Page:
Picard often thinks of Q as an annoyance, and Q often is surprised by Picard and the other humans he encounters. In "Q Who?", when Picard argues that humans are capable of dealing with anything, Q whisks the U.S.S. "Enterprise" to the system J-25 for the first human encounter with the Borg. Picard resorts to asking for Q to save the ship. Surprised, Q brings the "Enterprise" home and tells Picard that most men would rather have died than ask for help. It is debated whether Q's interference brought the Federation to the Borg's attention, or whether Q provided assistance by exposing Picard to the Borg, which gave the Federation some early warning. Events later shown in the prequel "", suggest the Borg were already on the way when Q introduced them and Picard to each other; thus Q in fact aided mankind on this occasion. In Q's later appearances on "Star Trek: Voyager" and "Star Trek: Deep Space Nine", he is less concerned with humans and becomes more of a comic relief character. In the "DS9" episode "Q-Less", Q at one point goads Commander Benjamin Sisko into a bare-knuckle boxing match, all the while belittling and insulting him. When Sisko loses his temper and knocks Q down, an astonished Q says, "You hit me! Picard never hit me!" Sisko counters frankly that "I'm "not" Picard." Q responds with a smile, saying "No...you're "much" easier to provoke." Q enjoys goading humans, Klingons, and others to display their savage side, and, if they refuse, he dismisses them as no fun. This seems to be just a game for Q, however, and when characters show genuine compassion or restraint, he will usually admit to being impressed that their "tiny human minds" were capable of such action. Later, during the series run of "Voyager," Q starts a war among members of the Continuum in a campaign for individual freedom. As the war goes badly for his side, Q comes to the conclusion that the production, or birth, of a new member of the continuum could revitalize the Q. Q first seeks Captain Janeway to be the mother of his child but she refuses and eventually Q reproduces with a female Q he had previously been involved with. Their progeny is born entirely conscious and with all the power of any other Q, although still lacking adult maturity. Q's son (played by Keegan de Lancie who is John de Lancies actual son) causes no end of trouble for the Continuum and Q turns to Captain Janeway for help. Eventually they agree that the boy will remain on "Voyager", without his powers, and either learn how to be a responsible, productive inhabitant of the cosmos, or spend eternity as an amoeba.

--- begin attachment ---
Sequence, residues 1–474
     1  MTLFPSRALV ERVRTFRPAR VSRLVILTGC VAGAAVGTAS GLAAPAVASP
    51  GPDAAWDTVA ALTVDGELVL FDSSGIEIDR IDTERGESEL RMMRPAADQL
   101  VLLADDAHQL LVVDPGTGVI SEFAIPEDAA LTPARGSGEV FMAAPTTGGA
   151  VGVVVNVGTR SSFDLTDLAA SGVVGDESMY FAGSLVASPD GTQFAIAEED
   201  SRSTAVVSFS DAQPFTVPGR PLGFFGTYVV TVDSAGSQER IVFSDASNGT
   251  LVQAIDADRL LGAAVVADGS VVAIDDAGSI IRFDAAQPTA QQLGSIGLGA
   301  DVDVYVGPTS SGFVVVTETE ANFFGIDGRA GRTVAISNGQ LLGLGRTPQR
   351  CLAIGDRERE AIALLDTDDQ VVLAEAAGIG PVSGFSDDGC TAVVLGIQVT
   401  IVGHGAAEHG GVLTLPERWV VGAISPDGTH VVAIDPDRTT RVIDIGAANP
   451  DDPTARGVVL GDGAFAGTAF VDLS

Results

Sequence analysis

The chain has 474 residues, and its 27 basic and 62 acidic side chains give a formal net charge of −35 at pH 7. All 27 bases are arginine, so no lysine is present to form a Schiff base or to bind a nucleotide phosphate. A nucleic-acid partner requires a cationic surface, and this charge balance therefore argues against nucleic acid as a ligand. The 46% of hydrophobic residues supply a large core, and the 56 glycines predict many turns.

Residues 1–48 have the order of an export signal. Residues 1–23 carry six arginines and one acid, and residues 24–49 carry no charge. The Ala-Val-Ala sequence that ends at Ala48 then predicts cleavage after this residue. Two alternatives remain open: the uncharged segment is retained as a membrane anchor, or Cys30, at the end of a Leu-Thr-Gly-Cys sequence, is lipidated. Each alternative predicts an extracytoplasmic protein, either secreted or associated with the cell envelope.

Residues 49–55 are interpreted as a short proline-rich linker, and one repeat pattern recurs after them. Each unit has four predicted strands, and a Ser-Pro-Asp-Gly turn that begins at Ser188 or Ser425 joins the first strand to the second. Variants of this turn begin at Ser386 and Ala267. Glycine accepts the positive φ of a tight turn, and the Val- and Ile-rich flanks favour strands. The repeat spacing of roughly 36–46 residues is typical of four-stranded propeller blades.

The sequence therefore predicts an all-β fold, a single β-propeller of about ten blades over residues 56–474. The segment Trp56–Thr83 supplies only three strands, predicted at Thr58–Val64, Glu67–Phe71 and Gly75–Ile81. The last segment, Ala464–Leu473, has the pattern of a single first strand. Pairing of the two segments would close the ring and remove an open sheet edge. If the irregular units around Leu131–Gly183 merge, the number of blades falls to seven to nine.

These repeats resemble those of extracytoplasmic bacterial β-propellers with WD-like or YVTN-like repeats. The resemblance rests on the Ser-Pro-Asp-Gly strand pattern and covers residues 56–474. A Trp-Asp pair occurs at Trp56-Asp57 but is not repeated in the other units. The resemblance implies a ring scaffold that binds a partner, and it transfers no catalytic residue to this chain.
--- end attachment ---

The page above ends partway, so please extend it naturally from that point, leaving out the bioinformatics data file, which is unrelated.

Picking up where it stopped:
Eventually the young Q comes round, but the Continuum is not entirely convinced, so in negotiation with Q, they come to an agreement. Q must eternally guard, observe, and accompany the boy to ensure his proper behavior.


Episodes featuring Q often have titles that play on the letter "Q".
**"Encounter at Farpoint"
**"Hide and Q"
**"Q Who?"
**"Déjà Q"
**"True Q"
**"All Good Things..."
**"Death Wish"
**"The Q and the Grey"
*Novels and Audiobooks (read by John de Lancie):
**"I, Q" (written by de Lancie)
**" ("includes" Q-Zone, Q-Space, Q-Strike)"²
**"String Theory
**"Planet X
*Audio Presentations (starring John de Lancie and Leonard Nimoy):
**"Spock vs. Q"
**"Spock vs. Q: The Sequel"
*Computer game:
**"Star Trek: The Game Show" (features Q as "host" of a trivia contest)
1Audiobook also features Majel Barrett-Roddenberry.
²No audiobook version available.


External links